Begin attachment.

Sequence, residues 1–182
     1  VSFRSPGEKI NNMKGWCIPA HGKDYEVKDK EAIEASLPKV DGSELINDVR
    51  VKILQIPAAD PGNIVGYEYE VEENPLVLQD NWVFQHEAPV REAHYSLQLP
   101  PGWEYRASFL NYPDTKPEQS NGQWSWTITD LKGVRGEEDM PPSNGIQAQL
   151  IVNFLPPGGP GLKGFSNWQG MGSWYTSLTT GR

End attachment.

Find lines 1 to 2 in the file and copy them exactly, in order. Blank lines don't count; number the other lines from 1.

Sequence, residues 1–182
     1  VSFRSPGEKI NNMKGWCIPA HGKDYEVKDK EAIEASLPKV DGSELINDVR